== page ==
Occasional Relaxation of Differential-Reinforcement-of-Low-Rates Requirements Increases Responding
DANIEL BELL-GARRISON (West Virginia University)
Abstract: Pigeons pecked on a two-component multiple schedule. In one (static) component, a differential reinforcement of low rates (DRL) 15 or 20-s schedule was programmed. In the other component the same DRL schedule was in effect, but occasional DRL 1-s schedules were also programmed according to a variable time (VT) schedule. When the VT was sufficiently long (10 min.), response rates increased in both components. As the VT was shortened, rates differentially increased during the component with added DRL 1-s reinforcers. Initially, response rates increased during the static DRL 15-s component even though the number of reinforcers earned in that component decreased. Response rates may have increased during both components because the presence of DRL 1-s reinforcers was not discriminable. As such, the components were functionally identical and response rates increased undifferentially. As DRL 1-s reinforcers were delivered more frequently, these reinforcers became more discriminable and pigeons began responding differentially.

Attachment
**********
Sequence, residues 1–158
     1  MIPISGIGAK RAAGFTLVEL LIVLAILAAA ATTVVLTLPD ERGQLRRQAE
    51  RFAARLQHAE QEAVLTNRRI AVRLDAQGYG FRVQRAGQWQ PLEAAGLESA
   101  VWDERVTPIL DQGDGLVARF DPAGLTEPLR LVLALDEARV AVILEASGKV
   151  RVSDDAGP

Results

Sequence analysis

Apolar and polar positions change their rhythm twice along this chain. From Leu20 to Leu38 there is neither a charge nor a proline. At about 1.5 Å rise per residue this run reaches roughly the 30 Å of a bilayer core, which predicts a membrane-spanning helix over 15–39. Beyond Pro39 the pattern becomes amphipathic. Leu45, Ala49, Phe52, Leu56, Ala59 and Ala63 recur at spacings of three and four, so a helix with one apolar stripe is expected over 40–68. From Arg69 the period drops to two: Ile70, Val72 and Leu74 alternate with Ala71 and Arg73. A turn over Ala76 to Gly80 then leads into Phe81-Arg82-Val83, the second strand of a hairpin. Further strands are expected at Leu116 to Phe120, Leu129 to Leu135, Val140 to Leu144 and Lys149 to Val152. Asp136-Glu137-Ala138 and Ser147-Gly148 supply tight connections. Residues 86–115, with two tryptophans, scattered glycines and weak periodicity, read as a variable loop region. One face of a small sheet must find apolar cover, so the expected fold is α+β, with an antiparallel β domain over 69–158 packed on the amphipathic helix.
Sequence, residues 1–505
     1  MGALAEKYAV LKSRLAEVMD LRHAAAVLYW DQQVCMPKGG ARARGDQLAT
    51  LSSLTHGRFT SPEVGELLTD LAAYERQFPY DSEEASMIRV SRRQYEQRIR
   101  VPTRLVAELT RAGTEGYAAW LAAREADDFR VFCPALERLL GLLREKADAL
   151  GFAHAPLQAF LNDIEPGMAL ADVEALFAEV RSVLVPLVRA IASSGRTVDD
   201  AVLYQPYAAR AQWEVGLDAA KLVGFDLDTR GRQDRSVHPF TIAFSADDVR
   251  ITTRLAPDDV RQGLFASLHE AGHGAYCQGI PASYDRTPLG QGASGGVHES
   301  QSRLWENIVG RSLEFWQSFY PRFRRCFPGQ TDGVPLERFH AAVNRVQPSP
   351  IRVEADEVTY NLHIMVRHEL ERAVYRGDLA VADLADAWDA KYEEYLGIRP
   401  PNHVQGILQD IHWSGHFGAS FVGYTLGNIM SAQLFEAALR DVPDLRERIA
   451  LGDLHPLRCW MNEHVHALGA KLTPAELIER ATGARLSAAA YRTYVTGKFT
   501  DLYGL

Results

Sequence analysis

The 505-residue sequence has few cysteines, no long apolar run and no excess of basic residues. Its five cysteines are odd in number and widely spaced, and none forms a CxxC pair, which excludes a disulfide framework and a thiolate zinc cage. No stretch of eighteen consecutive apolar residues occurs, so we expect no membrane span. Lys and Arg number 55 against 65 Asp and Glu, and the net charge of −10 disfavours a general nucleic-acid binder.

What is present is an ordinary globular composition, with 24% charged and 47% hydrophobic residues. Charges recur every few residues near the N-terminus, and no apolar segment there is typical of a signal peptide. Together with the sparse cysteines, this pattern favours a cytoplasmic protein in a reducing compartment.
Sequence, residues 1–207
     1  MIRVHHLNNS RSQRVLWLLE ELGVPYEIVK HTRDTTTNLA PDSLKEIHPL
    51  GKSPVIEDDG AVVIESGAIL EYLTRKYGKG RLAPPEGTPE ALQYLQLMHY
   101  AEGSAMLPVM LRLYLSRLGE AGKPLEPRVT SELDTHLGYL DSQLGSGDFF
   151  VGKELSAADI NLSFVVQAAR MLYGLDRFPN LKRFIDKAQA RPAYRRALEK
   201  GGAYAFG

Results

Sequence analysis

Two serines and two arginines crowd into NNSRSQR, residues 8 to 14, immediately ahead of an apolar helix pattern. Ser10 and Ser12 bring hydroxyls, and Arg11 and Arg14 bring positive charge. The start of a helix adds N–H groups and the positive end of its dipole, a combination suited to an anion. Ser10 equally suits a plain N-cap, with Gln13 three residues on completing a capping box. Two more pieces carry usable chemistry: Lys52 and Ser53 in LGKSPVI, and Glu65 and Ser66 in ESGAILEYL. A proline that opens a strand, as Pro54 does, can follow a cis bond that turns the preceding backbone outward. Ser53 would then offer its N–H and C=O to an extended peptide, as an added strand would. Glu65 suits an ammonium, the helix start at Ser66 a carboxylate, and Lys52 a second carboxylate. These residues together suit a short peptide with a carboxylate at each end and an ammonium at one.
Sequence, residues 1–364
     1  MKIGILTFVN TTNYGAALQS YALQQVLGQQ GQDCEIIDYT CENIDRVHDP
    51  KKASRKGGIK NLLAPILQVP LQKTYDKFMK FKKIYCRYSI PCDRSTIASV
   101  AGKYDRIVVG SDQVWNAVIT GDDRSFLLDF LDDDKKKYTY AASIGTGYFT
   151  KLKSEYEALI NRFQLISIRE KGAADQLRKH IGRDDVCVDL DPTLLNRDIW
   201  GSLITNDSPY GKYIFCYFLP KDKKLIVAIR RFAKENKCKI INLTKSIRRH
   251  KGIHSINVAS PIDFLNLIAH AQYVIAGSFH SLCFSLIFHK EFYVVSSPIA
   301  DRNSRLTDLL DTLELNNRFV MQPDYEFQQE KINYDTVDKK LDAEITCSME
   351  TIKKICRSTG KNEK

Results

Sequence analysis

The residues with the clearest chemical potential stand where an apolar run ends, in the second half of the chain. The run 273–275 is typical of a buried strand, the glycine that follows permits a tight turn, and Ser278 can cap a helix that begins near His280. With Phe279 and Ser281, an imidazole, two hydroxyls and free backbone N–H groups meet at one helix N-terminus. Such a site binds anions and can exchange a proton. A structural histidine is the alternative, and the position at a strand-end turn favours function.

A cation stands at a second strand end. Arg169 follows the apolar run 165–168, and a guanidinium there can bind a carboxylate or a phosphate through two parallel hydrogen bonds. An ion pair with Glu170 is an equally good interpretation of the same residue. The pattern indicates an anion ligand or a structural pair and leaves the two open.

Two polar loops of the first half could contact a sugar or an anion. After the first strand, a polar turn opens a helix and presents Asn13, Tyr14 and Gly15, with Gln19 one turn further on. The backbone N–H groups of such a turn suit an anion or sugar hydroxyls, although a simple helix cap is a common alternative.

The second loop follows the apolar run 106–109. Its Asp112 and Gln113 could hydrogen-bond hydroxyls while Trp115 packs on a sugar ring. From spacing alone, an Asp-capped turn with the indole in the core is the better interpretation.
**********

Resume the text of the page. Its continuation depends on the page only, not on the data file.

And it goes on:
Complexities Regarding Contingencies of Delayed Reinforcement
IVER H. IVERSEN (University of North Florida)
Abstract: Operant behavior can be established with delays up to 30 s. The current research addresses how subjects (rats) respond to changes in contingencies of reinforcement after behavior has been acquired with delayed reinforcement. A nose-poking response produced a single food pellet after an unsignaled, 8-s resetting delay. After acquisition, rats were exposed to a Fixed-Duration (FD) schedule with a gradually increasing requirement up to 1 s or to Fixed Ratio (FR) up to 5; the delay began when the response requirement had been satisfied. Behavior was maintained under small valued FD or FR schedules but in a very inefficient manner with considerable response variability. The delay was then set to zero s to compare to ordinary acquisition on such simple schedules in the same subjects; behavior improved in efficiency and variability was reduced but not as much as for comparison rats who acquired the same response under FD 1 s or FR 5 without delay. Contingencies of delayed reinforcement are complex and induce response variability that does not easily recover when delays are removed. The paper will present various methodological issues related to studying the effects of changing contingencies of delayed reinforcement.